Monday, July 8, 2013

Revise, Revision, & Review

#HappyMonday! This one is a long for me. Just enjoyed a lovely four day weekend basically with family and friends over the 4th of July holiday, and I'm beginning the week with a full day. The UNCC Writing Project gets back into swing this morning around 8:30am-ish. We love our time together writing until about 3pm-ish, then I'm off to Hickory for my accelerated Masters Courses through Appalachian State. Yep, it's Reading Course time from 6pm to 10pm-ish before I head home to repeat tomorrow.

So to start of today at the Writing Project, I really got thinking about revising writing. I'll be honest...I'm not much of a reviser. I think it is boring...shhh! I think it is a little silly to reread a piece of writing that you just wrote, looking for things that are "wrong" with it. Isn't that basically what you are doing? Going back through and looking for mistakes that you would like to fix? Or looking for areas that you want to make stronger and clearer because they weren't up-to-par in the first place? My philosophy (don't tell my students) is that if I would have wanted it to be better...shouldn't I have wrote it that way in the first place?

Ok, that was a little harsh. I should apologize. I'm sorry. Revising is good. We began the day thinking about revising using Katherine Bomer's Writing a Life. After reading her writing about revision I think that revising can be helpful. Revising helps us grow as individuals and as a reflector of our ideas. I think reflection helps us become better in our selves as teachers, educators, and overall people. When we reflect, we analyze our own writing, teaching, and ideas. Therefore, we keep was works well and remove what doesn't. I think that revision is beneficial. 

Now with that being said, I think it is difficult to incorporate revision into the classroom. I have always ran into the problem of encouraging students to revise their own writing. "But Mrs. Stadler, I wrote what I wanted to say the first time." There have also been struggles in peer-revisions. "But Mrs. Stadler, they don't like me so they won't help me." Or, "But Mrs. Stadler, they are my best friend and like everything I say." So I guess my revelation for today (not as "Ah-Ha" momenty as the previous days; but still legit) is **Revision can be positive.** I think my revelation has a slight 'hold-it-just-a-minute' feeling though. How do we incorporate effective revision for our students? We met Cindy Urbanski today who has fabulous revision strategies and ideas that I would like to incorporate within my classroom this year (see them below), but are there other revision strategies, even peer ideas, that are used? Suggestions please :)

Finally for today I will share my Storify about my writing history. Just a little about me and how I came to enjoy writing. Then take a look at the wonderful comments left by my fellow #UNCCWP ers.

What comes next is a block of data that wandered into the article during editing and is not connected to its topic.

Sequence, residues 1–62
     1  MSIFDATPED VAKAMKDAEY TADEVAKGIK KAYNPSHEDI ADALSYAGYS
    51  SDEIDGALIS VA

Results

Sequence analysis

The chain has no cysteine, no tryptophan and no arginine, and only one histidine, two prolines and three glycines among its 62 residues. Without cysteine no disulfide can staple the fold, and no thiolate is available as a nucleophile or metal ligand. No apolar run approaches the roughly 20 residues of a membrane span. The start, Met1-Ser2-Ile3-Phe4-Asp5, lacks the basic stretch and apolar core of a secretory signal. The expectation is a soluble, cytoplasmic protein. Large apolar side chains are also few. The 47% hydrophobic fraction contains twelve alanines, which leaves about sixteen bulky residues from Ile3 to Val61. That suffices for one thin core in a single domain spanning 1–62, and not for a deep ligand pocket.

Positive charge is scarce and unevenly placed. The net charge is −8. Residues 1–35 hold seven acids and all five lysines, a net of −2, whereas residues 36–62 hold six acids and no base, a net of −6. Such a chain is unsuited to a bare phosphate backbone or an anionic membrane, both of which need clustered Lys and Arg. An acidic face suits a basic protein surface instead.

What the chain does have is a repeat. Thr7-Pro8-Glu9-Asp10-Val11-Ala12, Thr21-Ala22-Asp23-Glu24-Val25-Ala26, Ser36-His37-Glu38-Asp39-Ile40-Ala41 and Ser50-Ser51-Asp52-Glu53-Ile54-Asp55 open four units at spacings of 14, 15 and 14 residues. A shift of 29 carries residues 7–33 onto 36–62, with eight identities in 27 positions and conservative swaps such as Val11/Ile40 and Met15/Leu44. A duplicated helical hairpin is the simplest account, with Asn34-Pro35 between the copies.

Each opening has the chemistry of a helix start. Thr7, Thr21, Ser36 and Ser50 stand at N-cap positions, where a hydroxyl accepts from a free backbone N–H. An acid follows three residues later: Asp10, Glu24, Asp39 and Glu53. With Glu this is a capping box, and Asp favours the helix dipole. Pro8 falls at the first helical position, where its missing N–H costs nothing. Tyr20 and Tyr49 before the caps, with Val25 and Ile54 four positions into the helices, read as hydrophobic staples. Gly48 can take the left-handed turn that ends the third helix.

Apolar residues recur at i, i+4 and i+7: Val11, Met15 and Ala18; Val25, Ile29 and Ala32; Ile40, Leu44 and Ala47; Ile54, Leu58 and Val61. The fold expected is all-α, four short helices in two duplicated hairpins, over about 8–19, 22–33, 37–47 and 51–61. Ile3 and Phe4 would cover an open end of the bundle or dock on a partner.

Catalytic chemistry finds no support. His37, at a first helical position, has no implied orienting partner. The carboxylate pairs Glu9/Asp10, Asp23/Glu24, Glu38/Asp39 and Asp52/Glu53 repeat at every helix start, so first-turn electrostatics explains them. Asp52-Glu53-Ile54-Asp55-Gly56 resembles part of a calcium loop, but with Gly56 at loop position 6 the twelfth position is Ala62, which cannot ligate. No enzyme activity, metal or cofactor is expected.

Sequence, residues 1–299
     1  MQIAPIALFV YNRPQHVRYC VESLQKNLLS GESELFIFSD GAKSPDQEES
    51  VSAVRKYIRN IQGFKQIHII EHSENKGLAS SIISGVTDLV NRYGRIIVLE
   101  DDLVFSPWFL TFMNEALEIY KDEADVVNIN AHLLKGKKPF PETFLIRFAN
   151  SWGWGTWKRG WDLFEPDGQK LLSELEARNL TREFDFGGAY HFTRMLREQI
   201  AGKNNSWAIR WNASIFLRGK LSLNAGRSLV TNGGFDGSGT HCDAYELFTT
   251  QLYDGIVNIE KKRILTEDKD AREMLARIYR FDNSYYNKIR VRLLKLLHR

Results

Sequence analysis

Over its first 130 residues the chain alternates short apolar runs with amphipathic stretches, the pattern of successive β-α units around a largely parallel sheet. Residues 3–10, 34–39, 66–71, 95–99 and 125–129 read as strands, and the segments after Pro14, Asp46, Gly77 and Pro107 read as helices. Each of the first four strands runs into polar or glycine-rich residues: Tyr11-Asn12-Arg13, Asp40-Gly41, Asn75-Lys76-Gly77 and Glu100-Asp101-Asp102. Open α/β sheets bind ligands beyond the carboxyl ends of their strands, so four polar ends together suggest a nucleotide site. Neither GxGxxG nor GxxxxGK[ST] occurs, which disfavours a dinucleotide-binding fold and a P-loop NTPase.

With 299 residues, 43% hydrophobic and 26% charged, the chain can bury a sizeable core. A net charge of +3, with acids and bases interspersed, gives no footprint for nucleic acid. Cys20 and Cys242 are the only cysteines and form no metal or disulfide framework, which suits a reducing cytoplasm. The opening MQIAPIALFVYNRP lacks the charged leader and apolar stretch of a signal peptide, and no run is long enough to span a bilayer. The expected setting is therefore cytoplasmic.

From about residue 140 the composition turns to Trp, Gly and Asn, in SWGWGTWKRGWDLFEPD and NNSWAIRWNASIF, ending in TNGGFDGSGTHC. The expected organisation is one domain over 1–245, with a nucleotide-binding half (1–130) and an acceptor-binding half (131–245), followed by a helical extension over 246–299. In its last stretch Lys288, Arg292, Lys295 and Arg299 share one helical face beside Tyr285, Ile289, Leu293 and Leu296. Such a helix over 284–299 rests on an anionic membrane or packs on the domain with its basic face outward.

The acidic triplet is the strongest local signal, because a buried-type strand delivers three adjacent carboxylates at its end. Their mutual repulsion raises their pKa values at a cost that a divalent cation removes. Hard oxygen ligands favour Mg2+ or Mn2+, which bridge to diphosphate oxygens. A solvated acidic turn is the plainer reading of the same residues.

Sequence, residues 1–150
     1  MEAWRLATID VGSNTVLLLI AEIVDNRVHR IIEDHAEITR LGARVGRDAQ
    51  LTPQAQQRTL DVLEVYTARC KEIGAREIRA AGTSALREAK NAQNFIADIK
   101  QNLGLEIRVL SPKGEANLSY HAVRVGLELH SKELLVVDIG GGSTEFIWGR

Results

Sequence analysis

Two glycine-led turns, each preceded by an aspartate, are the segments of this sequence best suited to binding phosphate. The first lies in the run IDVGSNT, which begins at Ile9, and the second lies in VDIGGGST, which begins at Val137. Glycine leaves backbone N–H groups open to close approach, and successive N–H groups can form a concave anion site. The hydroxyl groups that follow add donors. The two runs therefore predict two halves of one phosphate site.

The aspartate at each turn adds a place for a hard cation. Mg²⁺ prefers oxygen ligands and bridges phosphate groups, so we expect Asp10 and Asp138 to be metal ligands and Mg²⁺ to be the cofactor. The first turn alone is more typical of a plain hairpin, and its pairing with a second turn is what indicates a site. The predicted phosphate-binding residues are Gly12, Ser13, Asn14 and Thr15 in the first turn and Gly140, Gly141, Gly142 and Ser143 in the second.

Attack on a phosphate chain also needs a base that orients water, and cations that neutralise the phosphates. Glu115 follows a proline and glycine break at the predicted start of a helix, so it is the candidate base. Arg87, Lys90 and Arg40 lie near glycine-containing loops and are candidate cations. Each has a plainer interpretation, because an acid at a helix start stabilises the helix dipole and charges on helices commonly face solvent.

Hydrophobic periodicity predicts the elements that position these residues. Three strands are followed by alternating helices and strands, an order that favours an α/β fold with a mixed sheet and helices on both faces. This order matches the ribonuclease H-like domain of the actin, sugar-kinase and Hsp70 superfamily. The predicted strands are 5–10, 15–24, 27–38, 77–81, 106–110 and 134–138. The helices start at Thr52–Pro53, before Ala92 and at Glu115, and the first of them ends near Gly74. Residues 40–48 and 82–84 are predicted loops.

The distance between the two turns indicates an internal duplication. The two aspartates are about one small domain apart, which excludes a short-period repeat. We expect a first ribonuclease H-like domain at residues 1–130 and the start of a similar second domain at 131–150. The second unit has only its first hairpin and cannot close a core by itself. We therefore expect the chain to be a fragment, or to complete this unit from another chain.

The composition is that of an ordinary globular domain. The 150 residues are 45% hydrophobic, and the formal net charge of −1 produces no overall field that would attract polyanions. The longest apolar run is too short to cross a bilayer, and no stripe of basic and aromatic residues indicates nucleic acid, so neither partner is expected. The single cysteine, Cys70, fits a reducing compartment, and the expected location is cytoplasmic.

Until tomorrow... :)


  1. Wow, Sarah! What a long, busy day you had (are still having) today!! I hear you on revision. I don't think it's a habit I got into a lot as a writer. I remember in school, I wouldn't leave a lot of time for myself to revise and anything I changed was mostly surface-level editing (grammar and spelling or typos). I did like how we thought about the benefits of revision today and got specific techniques today. Good question about specific peer review techniques. I wonder how or if the techniques we saw today would be modified. Awesome storify piece too!

  2. I enjoyed reading your take on the day at SI. Revision to me is the most important part of the work. Ernest Hemingway revised Old Man and the Sea thirty-three times before he even sent it to his agent. My dissertation went through so many revisions I had trouble finding the final one. I think Carl Anderson in How's It Going writes some wonderful ways for working with students on revision and on their writing in general. It's written for elementary teachers, but I use it with my high aschool and college students.

  3. Sarah-I can't believe you're doing SO much lately! Gosh, I admire you. :)

    I'm interested to see if there is any overlap between your reading course and the writing project. If so, please share. I've been reading a few professional books on approaching reading differently and, with all the nuggets from this course, I feel as though I can't teach reading now without using writing as a way to gauge and express student understanding.

  4. Sarah,
    I agree making revision less boring is a key to motivating students to value its utility. How can we make writers care about what they write; or at least feel strongly enough to respond to writing revision viscerally, rather than just as another assignment.
    I haven't figured that out yet, but it seems to me from your blog that you inspire your students enough to do so.

  5. Sarah--I can't believe that you are doing so much! That is so amazing :) I was wondering the same thing as Kim--how are these two classes overlapping? Are they discussing things in the same way or are they really different? DO you see yourself applying things from SI to the class or vice-versa. AND do you have any blog posts on that class or materials that you are willing to share?!?